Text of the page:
Lichen is the second-largest centre of pilgrimage in Poland after Częstochowa. The object of cult around which it is built up is a diminutive miraculous image of Our Lady of Sorrows, Queen of Poland. The image is now held in a new basilica, consecrated in 2004, which is the biggest church in Poland and one of the largest in the world.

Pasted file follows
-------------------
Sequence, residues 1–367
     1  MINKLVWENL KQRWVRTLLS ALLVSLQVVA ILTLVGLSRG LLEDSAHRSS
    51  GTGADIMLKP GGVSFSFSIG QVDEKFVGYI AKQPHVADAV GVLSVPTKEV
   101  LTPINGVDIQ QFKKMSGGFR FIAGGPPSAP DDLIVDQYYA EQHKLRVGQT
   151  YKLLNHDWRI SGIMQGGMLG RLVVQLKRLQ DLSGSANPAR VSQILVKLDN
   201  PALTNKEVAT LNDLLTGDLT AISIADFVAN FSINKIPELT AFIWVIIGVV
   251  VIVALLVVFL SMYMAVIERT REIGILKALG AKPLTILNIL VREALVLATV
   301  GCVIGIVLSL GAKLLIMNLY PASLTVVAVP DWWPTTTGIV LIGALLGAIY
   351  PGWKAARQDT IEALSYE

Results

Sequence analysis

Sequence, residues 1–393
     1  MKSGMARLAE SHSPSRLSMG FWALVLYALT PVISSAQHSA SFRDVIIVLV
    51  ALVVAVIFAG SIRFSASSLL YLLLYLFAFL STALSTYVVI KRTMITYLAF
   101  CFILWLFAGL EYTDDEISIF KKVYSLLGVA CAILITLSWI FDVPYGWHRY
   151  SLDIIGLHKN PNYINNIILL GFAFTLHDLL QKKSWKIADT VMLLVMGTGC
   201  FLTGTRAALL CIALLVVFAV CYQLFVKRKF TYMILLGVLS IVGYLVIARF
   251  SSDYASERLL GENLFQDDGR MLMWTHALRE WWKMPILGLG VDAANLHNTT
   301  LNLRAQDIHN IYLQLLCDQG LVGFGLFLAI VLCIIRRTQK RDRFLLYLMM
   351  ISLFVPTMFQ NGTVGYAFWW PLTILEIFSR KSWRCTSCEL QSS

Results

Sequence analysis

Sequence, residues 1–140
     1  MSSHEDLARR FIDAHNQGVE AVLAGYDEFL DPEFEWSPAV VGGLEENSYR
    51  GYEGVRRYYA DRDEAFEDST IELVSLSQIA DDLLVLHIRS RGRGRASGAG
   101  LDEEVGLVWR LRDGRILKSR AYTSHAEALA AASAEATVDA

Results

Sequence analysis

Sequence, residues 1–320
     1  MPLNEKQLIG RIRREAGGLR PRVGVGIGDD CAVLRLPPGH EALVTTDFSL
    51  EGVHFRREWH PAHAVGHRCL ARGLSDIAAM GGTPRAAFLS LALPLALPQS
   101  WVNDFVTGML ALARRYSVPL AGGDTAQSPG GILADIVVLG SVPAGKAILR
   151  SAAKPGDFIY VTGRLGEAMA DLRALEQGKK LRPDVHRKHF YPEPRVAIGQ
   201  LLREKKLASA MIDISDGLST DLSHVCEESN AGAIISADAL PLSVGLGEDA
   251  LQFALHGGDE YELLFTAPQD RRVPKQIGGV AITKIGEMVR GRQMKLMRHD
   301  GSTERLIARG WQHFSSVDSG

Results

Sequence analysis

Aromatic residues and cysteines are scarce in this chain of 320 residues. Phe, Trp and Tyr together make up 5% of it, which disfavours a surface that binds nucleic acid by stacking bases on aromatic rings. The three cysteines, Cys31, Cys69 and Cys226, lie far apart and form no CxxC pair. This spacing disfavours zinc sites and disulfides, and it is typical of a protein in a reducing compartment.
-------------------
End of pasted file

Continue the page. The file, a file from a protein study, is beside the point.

The image of Our Lady was found in a wood by a returning veteran of the Napoleonic Wars, Tomasz Kłossowski, who hung it on a tree. The local people soon started to venerate it, especially after a poor shepherd, Mikołaj Sikatka, had a series of Marian visions when praying before it in 1850. On these occasions, Our Lady asked Sikatka to urge people to say the rosary and contemplate the suffering and death of Jesus Christ. In her second appearance, she advised him that priests should explore the meaning of the Holy Mass more profoundly and celebrate it with greater veneration. When she revealed herself to him for the third time, she promised the rebirth of Poland; this was at a time when the country was divided between Prussia and Russia.